Biodegradation of dichlorovos (organophosphate pesticide) in soil by bacterial isolates

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Biodegradation of dichlorovos (organophosphate pesticide) in soil by bacterial isolates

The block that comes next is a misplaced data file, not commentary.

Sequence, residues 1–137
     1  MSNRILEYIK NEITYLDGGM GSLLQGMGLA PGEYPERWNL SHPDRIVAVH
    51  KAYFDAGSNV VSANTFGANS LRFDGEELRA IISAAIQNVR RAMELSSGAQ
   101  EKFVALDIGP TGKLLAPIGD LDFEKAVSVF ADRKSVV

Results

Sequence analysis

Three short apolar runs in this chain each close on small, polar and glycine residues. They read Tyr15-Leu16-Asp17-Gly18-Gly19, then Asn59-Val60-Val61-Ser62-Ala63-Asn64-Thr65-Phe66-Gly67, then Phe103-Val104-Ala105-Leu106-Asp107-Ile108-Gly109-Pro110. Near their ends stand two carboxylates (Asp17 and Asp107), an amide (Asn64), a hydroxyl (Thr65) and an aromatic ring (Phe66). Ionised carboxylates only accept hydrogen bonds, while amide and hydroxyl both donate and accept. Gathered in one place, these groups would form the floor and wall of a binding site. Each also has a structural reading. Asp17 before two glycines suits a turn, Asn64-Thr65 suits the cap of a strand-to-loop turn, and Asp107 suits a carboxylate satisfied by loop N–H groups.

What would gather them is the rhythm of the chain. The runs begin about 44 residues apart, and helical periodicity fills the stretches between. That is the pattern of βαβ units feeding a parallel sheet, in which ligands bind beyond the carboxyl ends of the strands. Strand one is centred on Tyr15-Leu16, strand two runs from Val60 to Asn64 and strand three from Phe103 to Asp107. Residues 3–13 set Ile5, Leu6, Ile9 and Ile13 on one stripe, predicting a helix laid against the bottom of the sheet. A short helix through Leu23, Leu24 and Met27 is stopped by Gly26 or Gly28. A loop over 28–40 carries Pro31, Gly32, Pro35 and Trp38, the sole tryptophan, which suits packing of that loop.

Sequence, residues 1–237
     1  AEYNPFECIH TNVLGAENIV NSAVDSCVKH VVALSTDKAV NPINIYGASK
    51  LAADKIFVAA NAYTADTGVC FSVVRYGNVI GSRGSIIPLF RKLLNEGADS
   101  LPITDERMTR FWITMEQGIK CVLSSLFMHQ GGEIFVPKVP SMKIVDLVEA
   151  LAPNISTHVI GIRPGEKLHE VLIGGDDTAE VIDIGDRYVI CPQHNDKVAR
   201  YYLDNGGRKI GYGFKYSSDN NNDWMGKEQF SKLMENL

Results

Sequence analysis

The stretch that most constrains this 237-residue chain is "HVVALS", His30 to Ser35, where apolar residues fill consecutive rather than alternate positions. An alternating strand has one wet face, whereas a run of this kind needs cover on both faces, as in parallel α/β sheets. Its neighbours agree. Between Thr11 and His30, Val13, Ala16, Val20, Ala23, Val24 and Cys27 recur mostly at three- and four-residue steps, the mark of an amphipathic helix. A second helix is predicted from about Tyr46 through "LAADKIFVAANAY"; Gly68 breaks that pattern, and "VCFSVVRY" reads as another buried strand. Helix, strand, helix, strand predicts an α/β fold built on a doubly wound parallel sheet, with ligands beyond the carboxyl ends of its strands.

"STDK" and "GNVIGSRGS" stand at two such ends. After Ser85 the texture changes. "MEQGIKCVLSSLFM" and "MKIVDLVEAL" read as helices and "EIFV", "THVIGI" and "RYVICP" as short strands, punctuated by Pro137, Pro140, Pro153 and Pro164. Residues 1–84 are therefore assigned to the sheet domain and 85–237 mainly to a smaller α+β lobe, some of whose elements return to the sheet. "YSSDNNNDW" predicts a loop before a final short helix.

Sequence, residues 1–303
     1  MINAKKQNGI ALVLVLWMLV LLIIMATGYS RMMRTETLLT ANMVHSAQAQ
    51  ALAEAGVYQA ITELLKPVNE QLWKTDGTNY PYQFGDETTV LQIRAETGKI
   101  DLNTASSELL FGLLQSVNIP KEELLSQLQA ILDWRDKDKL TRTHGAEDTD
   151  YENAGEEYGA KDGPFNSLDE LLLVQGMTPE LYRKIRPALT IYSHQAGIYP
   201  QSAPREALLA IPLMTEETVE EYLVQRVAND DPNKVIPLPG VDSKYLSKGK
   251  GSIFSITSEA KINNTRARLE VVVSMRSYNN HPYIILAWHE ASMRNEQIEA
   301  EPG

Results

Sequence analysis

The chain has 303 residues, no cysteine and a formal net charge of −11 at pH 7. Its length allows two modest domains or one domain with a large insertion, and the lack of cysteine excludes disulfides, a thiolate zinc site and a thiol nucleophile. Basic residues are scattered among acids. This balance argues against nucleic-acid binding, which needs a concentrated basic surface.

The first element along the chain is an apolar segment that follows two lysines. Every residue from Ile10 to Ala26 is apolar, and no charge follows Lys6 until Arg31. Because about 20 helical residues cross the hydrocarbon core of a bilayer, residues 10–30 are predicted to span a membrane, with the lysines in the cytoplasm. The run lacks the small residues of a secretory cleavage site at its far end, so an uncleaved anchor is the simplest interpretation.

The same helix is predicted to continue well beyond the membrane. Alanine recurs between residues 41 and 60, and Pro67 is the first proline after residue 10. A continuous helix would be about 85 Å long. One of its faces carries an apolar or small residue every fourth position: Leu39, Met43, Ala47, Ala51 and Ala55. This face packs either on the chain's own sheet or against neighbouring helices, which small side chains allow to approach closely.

1. 1. Journal of Natural Sciences Research www.iiste.org ISSN 2224-3186 (Paper) ISSN 2225-0921 (Online) Vol.3, No.8, 2013 12 Biodegradation of Dichlorovos (Organophosphate Pesticide) in Soil by Bacterial Isolates S. E. AGARRY, O. A. OLU-AROTIOWA, * M. O. AREMU AND L. A. JIMODA Biochemical Engineering and Environmental Biotechnology Research Laboratory, Department of Chemical Engineering, Ladoke Akintola University of Technology, Ogbomoso, Nigeria *Corresponding Author: moaremu@lautech.edu.ng Abstract Excessive and continuous dispersion of pesticides which are toxic heterogeneous compound in the environment results in environmental pollution with ecological effects that require remediation. This study investigated the potential of microbial isolates to biodegrade or cleans up agricultural soil artificially contaminated with Dichlorvos (2, 2-dichlorovinyldimethylphosphate) pesticide. A bacterial consortium which degraded Dichlorvos pesticide was isolated from agricultural soil using pour plate method. This consortium was composed of four pure strains which were characterized based on their morphological and biochemical characteristics. The strains were presumptively identifies as Proteus vulgaris, Vibrio sp., Serratia sp. and Acinetobacter sp. The consortium and the four bacteria were evaluated in order to discover their ability to biodegrade Dichlorvos pesticide in medium supplied with different nutrients (NH4NO3, KH2PO4 and NPK (20:10:10) fertilizer). The results showed that the bacterial consortium and the four bacteria isolates were able to grow in nutrient medium containing Dichlorvos as the only carbon source. Moreover, the bacterial consortium was able to remove greater amount of DDP in soil amended with inorganic fertilizer (NPK) than those amended with NH4NO3 and KH2PO4, respectively. These results indicate that the isolated strains can be used for waste biodegradation or bioremediation of organophosphate pesticide- contaminated soil or water. Keywords: bacteria; biodegradation; dichlorvos; nutrient; organophosphate pesticides 1. Introduction Pesticides are organic compounds manufactured and used for pest control (Ortiz – Hernandez and Sanchez-Salinas, 2010). Pesticide therefore can be defined as any chemical substance or mixture of substances intended for preventing, destroying, repelling, or mitigating the effect of any pest of plants and animals. They include herbicides, insecticides, rodenticides, fungicides, molluscides, nematicides, avicides, repellents and attractants used in agriculture, public health, horticulture, food storage or a chemical substance used for a similar purpose (NAFDAC, 1996). Pesticides can be classified into five chemical groups which are organochlorine, organophosphate, carbamate, synthetic pyrethroids, avermectin and formamidine (Naqvi et al., 2011; Nsikak and Aruwajoye, 2011; Natala and Ochoje, 2009). The use of Pesticide in Nigeria has been on the increase ever since its introduction in early fifties for cocoa production. It has been estimated that about 125,000 - 130,000 metric tons of pesticides are applied every year in Nigeria (Asogwa and Dongo, 2009). The extensive use of pesticides leads to an accumulation of a huge amount of residues in the environment, thereby causing a substantial environmental health hazard due to uptake and accumulation of these toxic compounds in the food chain and drinking water (Mohammed, 2009). Organophosphate pesticides are a group of highly toxic heterogeneous compounds that share a phosphoric acid derivative chemical structure widely used for plant protection and pest control. There are currently 140 organophosphate compounds being used as pesticides and as plant growth regulators around the world (Kang et al., 2006). These compounds are components of more than 100 types of commercially available pesticides (such as Paraoxon, Parathion, Malathion, Diazinon and Dichlorvos). Most synthetic organophosphate compounds are widely used as insecticides in agriculture. These compounds are powerful inhibitors of acetylcholinesterase, a vital enzyme involved in neurotransmission, in the form of acetylcholine substitutes (Bakry et al., 2006) and various clinical effects, e.g. neck muscle weakness and diarrhea can occur due to organophosphate poisoning in humans (Serdar and Gibson, 1985; Grimsley et al., 1998). The toxicity of pesticides from exposure to contaminated food is mostly unknown but there is growing evidence of cancer, neurological damage, endocrine disruption and birth defects consequential from exposure (Miller and Sharpe, 1998; IARC, 2001; ATSDR, 2005). The conventional methods employed for the remediation of organophosphate contaminated sites mainly chemical treatment, recycling, pyrolysis, incineration and landfills are less efficient and costly and can also lead to the formation of toxic intermediates (Dua et al., 2002; Richins et al., 1997). Many bacteria (microorganisms) that are able to degrade organophosphate pesticide have been isolated from soil around the world (Zhongli et al., 2001; Chang et al., 2005; Horne et al., 2002). Enzymatic detoxification of organophosphate pesticides by some bacterial species has been reported (Chen-Goodspeed et al., 2001; Kim et al., 2005). One of the most important enzymes that is able to hydrolyze a considerable number of synthetic organophosphate compounds is phosphotriesterase (PTE) (Mulbry et al., 1986; Mulbry, 2000). Isolation of indigenous bacteria capable of